Georgia Northwestern Technical College and Bryan College agree on transfer pact

Georgia Northwestern Technical College and Bryan College agree on transfer pact

March 12th, 2012 by Perla Trevizo in News

Bryan College is in Dayton, Tenn.

Photo by John Rawlston/Times Free Press.

TRANSFER AGREEMENT


Students who complete 60 credit hours within the specified associate's degree program and transfer curriculum will be granted junior-year status in Bryan College's Degree Completion Program. Transfer students with 60 hours will need only 64 more credit hours to complete academic requirements for the business administration degree.

Source: Georgia Northwestern Technical College

Students at Georgia Northwestern Technical College now will be able to go directly to Bryan College to finish a bachelor's degree in business administration, knowing all of their credits are transferable.

The schools recently signed a transfer agreement that allows students who complete an associate's degree in applied science at Northwestern to enroll as juniors in Bryan's degree completion program.

Bryan College, a Christian liberal arts college based in Dayton, Tenn., has multiple campuses, including Chattanooga and Georgia's Whitfield and Catoosa counties. Georgia Northwestern also has several campuses, including one in Whitfield County and another planned for Catoosa County.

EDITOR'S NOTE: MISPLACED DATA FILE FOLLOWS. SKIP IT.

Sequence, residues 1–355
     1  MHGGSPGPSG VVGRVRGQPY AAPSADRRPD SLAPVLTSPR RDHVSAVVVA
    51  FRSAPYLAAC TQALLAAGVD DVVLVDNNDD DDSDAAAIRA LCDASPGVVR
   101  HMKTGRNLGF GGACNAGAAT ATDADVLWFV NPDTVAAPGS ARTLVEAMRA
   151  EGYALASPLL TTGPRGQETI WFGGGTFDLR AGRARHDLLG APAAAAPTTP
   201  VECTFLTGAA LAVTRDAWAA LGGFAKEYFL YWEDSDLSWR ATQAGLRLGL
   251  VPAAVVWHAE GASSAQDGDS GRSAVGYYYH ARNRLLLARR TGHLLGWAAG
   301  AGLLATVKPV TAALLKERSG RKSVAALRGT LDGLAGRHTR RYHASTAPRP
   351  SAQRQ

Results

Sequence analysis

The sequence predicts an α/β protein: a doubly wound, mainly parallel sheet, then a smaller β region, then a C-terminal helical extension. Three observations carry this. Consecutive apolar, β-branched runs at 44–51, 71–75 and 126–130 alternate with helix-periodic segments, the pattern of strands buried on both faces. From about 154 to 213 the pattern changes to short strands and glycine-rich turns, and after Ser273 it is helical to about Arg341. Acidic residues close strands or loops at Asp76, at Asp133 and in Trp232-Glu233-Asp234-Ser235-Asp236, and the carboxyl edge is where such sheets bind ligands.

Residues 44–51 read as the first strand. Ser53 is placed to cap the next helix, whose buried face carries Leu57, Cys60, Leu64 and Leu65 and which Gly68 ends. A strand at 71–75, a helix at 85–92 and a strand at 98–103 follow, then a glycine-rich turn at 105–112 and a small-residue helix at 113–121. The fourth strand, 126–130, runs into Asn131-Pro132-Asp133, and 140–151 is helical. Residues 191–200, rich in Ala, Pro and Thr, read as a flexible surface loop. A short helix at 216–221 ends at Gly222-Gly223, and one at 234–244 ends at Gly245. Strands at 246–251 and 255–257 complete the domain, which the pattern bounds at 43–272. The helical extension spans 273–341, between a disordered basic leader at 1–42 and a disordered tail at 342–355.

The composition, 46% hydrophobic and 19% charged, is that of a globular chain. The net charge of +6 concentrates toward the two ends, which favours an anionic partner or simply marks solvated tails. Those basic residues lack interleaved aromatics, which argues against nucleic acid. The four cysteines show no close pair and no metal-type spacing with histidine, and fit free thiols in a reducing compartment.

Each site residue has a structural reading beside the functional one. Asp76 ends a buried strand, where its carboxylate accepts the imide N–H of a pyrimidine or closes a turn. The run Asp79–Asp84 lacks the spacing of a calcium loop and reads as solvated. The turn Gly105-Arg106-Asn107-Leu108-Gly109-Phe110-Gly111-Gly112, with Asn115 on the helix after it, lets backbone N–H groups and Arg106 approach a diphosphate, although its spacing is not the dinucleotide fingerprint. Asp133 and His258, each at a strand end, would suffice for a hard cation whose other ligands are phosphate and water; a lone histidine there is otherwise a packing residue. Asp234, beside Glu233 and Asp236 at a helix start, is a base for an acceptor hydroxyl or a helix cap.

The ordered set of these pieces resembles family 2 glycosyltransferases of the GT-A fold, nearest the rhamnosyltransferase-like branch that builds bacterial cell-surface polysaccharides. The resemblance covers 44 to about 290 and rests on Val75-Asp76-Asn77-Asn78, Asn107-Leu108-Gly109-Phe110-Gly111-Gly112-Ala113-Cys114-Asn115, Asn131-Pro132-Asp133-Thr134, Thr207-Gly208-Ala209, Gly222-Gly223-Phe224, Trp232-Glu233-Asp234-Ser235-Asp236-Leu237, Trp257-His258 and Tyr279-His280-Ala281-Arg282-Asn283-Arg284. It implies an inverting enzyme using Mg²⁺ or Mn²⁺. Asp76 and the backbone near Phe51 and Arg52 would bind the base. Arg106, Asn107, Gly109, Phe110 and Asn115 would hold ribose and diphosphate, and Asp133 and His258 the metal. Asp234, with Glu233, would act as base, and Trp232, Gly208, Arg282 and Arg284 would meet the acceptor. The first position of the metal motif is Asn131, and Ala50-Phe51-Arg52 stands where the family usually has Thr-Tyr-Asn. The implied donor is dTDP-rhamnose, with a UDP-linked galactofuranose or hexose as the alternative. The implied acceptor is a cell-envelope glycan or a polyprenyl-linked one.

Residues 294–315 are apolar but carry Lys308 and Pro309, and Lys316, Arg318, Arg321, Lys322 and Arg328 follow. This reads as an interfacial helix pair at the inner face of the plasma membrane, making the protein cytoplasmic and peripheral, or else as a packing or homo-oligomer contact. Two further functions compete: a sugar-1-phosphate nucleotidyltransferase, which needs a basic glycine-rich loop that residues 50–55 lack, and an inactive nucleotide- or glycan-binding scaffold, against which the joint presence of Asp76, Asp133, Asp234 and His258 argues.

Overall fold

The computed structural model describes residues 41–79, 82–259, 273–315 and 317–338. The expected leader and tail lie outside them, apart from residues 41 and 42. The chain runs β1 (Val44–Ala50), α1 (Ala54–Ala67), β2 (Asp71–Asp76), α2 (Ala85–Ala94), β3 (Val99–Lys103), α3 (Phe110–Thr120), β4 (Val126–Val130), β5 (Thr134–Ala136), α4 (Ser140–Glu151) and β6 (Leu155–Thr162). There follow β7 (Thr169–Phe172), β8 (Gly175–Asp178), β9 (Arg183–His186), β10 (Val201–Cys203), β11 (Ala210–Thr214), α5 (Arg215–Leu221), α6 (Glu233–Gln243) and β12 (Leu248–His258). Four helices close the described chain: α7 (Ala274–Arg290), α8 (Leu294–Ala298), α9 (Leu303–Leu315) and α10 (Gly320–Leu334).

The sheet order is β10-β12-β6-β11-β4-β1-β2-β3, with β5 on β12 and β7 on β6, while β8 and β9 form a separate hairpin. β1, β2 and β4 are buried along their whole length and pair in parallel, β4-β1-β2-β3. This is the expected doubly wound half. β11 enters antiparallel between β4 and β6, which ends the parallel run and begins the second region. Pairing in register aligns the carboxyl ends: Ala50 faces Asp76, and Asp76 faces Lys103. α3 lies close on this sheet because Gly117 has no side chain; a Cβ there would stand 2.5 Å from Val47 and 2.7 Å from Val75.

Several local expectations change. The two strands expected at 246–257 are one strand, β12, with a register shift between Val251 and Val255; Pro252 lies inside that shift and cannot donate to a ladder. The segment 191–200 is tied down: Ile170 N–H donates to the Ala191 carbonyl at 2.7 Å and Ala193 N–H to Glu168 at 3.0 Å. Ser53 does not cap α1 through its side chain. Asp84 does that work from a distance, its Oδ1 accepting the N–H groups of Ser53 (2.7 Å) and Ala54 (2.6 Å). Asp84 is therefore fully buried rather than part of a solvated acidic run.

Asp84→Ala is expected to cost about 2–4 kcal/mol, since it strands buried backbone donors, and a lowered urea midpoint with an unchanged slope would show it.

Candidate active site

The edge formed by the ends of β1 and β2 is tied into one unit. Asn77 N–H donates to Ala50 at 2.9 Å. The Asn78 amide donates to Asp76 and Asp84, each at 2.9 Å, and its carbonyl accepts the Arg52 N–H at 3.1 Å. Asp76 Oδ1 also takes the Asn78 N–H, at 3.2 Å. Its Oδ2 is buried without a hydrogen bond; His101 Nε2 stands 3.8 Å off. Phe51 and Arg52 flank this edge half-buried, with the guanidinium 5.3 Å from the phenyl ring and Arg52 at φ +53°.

The agreement will provide Georgia Northwestern students another opportunity for higher education, Cathy Vann, associate vice president of academic affairs at the school, said in a news release.

"The campus locations that both colleges offer add value to the agreement, as well," she added.

Benton Jones, Chattanooga regional director at Bryan, said the college has had students from the North Georgia school, and the agreement simply will clarify the transfer process for them.

"It's a recognition that we have surveyed their program to know what classes their students will be bringing in," he said.

About 15 years ago, Bryan developed an adult program to serve students who hadn't been able to complete their bachelor's degrees. They started with business administration, he said, because "everything operates as a business."

The next group will start classes in the Catoosa County campus May 8.

On average, between 150 and 200 students a year enroll in the 15- to 18-month program, Jones said.

"Students can finish their associate degrees with confidence they can move to the next level," he said.